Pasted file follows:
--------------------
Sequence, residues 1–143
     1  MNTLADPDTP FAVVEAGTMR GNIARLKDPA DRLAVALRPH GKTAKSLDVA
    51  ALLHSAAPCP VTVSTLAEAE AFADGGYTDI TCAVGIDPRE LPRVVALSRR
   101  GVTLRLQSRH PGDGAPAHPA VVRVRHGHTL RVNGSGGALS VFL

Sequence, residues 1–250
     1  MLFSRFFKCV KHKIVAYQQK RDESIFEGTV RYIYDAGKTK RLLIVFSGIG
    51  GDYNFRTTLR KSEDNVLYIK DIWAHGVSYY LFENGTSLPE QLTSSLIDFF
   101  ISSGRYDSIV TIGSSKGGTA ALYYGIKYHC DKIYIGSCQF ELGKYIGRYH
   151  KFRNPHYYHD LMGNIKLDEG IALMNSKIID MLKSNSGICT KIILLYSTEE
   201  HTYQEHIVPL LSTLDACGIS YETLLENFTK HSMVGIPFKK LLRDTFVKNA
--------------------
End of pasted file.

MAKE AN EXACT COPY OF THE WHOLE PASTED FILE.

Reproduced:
Sequence, residues 1–143
     1  MNTLADPDTP FAVVEAGTMR GNIARLKDPA DRLAVALRPH GKTAKSLDVA
    51  ALLHSAAPCP VTVSTLAEAE AFADGGYTDI TCAVGIDPRE LPRVVALSRR
   101  GVTLRLQSRH PGDGAPAHPA VVRVRHGHTL RVNGSGGALS VFL

Sequence, residues 1–250
     1  MLFSRFFKCV KHKIVAYQQK RDESIFEGTV RYIYDAGKTK RLLIVFSGIG
    51  GDYNFRTTLR KSEDNVLYIK DIWAHGVSYY LFENGTSLPE QLTSSLIDFF
   101  ISSGRYDSIV TIGSSKGGTA ALYYGIKYHC DKIYIGSCQF ELGKYIGRYH
   151  KFRNPHYYHD LMGNIKLDEG IALMNSKIID MLKSNSGICT KIILLYSTEE
   201  HTYQEHIVPL LSTLDACGIS YETLLENFTK HSMVGIPFKK LLRDTFVKNA